Some say that this burgeoning market isn't being tapped to its full potential.

Jim McEwan discusses Michigan's abandoned well program.
Note: This article consists of excerpts from the educational seminar "MDEQ Well Abandonment Program - Review & Update," presented by Michigan Department of Environmental Quality program director Jim McEwan to the Michigan Ground Water Association Drillers Celebration 2001, Mar. 28-29 in Lansing, Mich.

Abandoned wells are a problem because they provide a direct conduit between the surface and the drinking water aquifers through which contaminants can move. Basically what we have out there are a bunch of old steel well casings that have met their life expectancies. This presents some problems. Not only can you have contamination from the surface getting into the top of the casing, but also all up and down that casing you can have corrosion and areas that have rotted out, and contaminants can get in through there. Abandoned wells facilitate the migration of contaminants.

What we've been doing with our abandoned well management program for the last two-and-one-half years is educating the industry and the public. Drilling contractors need to do their part and explain to well owners the importance of plugging old wells.

Water line extension situations go a long way in emphasizing the importance of a proper abandoned well management program. As an example, there are four current municipal water line extension projects in one area of Michigan that will result in the abandonment of somewhere in the neighborhood of 6,000 wells. We're working closely with our district office there, the water utilities, the local health department, drillers in that area and the communities to make sure those wells are either put back into service or plugged. We've provided training manuals that lay out the specifics of how to deal with abandoned wells at various well sites.

These water line extensions - where customers previously were served by on-site wells and now are served by municipal water - create a couple of issues. First you have the cross-connection issue and then you must deal with the abandoned wells. Options for the well owner:

1. Plug the well. If it's taken out of service and no longer needed, the well must be plugged.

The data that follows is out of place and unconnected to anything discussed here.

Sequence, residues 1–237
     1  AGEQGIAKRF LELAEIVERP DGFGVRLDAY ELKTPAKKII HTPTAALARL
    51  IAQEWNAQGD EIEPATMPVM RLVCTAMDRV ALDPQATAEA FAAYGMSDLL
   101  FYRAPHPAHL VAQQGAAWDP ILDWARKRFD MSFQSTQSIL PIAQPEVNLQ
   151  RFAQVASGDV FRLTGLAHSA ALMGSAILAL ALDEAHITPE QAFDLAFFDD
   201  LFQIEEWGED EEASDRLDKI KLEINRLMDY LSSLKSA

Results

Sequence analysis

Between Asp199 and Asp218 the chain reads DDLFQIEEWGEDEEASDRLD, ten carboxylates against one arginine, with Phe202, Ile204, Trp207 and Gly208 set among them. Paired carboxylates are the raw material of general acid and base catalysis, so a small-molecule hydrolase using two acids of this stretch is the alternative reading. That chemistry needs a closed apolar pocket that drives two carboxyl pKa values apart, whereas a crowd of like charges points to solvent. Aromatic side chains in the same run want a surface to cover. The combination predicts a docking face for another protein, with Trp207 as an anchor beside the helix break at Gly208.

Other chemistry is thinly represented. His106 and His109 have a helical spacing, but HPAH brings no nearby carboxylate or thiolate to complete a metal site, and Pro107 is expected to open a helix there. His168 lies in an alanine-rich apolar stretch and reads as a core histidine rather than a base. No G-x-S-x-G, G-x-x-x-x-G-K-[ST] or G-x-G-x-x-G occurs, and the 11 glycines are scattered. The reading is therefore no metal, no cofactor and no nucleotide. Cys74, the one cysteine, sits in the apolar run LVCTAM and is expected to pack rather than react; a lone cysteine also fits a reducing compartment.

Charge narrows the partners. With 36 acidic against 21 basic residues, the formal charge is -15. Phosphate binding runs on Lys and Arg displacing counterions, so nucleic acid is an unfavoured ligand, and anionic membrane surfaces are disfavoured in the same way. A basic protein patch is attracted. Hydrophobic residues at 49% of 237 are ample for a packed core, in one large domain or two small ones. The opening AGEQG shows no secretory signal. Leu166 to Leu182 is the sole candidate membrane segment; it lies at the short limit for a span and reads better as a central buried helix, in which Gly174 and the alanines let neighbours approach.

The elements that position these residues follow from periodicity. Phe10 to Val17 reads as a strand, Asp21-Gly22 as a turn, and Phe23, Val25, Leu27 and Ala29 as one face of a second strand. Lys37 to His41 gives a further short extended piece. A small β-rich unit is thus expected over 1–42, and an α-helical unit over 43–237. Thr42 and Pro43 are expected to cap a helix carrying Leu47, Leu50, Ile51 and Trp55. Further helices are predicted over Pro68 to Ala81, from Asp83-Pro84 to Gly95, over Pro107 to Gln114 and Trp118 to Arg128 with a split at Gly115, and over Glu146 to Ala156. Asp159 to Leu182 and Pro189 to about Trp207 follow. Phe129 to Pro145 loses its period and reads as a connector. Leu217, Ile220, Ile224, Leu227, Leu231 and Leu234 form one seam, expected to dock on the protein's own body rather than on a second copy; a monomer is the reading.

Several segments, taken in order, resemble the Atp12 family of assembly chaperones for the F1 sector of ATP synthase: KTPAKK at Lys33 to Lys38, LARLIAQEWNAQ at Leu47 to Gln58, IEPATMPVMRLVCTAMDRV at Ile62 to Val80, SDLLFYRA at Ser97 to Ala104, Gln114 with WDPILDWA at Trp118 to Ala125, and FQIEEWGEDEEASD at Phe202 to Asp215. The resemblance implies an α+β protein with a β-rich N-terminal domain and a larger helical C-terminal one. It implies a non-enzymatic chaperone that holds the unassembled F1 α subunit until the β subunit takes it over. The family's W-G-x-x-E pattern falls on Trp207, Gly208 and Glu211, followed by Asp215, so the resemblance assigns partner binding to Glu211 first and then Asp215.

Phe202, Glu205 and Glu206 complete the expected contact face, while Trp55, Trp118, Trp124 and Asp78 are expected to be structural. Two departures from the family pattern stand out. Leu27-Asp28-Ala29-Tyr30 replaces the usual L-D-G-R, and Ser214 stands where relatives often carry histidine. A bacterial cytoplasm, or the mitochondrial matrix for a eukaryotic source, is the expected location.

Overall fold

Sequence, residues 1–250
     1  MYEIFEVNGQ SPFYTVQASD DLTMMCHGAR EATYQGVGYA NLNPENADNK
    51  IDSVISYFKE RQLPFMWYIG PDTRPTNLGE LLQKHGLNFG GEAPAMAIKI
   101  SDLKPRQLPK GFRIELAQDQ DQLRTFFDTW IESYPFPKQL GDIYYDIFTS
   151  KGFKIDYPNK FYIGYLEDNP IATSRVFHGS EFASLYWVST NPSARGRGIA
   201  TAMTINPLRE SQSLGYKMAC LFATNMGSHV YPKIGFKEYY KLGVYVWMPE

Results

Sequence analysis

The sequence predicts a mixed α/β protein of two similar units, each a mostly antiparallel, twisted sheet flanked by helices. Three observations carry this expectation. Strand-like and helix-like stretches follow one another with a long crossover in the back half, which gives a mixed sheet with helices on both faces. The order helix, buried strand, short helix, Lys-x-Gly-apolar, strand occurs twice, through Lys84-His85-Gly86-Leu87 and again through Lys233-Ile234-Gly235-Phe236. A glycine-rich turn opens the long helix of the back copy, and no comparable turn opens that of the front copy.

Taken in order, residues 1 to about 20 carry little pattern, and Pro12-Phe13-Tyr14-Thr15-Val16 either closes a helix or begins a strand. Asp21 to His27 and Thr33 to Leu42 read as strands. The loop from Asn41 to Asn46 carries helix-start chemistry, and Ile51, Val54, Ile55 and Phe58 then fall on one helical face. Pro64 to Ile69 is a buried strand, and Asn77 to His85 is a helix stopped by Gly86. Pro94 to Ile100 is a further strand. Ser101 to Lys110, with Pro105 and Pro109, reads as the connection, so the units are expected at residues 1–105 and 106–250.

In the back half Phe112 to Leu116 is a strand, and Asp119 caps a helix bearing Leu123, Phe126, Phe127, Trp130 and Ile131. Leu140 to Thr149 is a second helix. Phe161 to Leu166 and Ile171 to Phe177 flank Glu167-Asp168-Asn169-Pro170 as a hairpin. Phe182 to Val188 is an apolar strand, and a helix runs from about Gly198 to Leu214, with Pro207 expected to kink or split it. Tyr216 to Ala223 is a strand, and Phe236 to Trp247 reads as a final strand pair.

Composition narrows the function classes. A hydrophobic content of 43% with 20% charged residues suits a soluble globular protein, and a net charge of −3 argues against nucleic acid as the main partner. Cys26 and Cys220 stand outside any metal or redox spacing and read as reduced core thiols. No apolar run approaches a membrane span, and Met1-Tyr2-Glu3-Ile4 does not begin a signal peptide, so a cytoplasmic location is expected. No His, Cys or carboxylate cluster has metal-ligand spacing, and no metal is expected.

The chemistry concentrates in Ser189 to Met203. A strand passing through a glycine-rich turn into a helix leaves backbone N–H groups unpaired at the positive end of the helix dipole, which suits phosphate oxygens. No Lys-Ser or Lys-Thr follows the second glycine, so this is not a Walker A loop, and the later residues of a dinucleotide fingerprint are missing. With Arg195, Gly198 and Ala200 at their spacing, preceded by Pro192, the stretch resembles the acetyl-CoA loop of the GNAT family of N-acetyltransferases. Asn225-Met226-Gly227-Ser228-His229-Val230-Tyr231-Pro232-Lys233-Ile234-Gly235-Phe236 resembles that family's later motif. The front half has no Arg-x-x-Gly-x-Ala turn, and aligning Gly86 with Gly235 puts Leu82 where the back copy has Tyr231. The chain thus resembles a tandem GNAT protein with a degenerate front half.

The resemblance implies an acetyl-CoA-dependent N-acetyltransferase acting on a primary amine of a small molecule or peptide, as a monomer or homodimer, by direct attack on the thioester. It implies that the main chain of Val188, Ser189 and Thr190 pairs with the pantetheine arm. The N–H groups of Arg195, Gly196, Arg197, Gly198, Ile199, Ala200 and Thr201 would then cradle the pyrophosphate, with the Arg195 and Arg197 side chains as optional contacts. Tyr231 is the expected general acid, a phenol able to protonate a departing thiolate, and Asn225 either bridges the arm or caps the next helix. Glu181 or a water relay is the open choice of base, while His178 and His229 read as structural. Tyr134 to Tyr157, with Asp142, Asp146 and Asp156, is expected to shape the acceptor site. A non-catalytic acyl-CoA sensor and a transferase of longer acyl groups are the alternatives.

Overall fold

2. If the well is to be retained for use, the owner needs to use a cross-connection control device. Installed on the municipal water line entering the building, the device serves to prevent any cross-connection potential from the on-site well.

3. Completely separate the two systems. This probably is the more commonly taken option. The drilling contractor restores the well to operating condition so that it can continue to be used, but it is kept completely separate from the building's plumbing.

Diagram of an effective well plugging method using neat cement grout.

What can drilling contractors do?

Firstly, learn to work with the water utility managers. In addition to being in the interest of the public's health due to cross-connection concerns, there also are economic reasons for having a solid working relationship with the utility managers - you'll be able to gain a lot of business opportunities plugging wells.

Also, you should be bidding on these contracts. Right now, there's a problem of not enough drillers getting out there to plug the abandoned wells. As a result, plumbing contractors, demolition contractors - any number of other contractors - are stepping in to fill that void and taking away that work which, under the law, should go to drilling contractors. But if you don't bid on them, who do you have to blame? And if plugging old wells is a service your company provides, mention it in advertising and promotional materials.

Another business opportunity drillers need to take advantage of is restoring wells to operation. Say, for example, a home was built a few years before the new water line went through. That's a perfectly good well there; maybe the property owner wants to use it for irrigation. The owner will hire someone to come in and get that well restored to operational condition - a good opportunity for well drilling contractors.

One of the challenges involved with abandoned well management is finding the wells in the first place. If you're out there trying to find a buried well head, it can be difficult to do at times. You don't want to be digging up half of the property. The more research you can do - with property owners and other drillers in the area - the better your chances are of locating the well sooner rather than later. When it gets real serious, there are ways of finding wells. Magnetometers do well at finding just about any steel well casing. It's not inexpensive, but it can be accomplished. Don't be afraid to use the geophysical technology that's out there.

A more common occurrence when you're contracted to plug an abandoned well and you're at the job site: you get out there and find there's two, maybe three, of them. The way it's turning out at most of these types of sites is that for every generation that the property has been occupied, there's another well. n

For more information on this well abandonment program, go to www.deq.state.your state's postal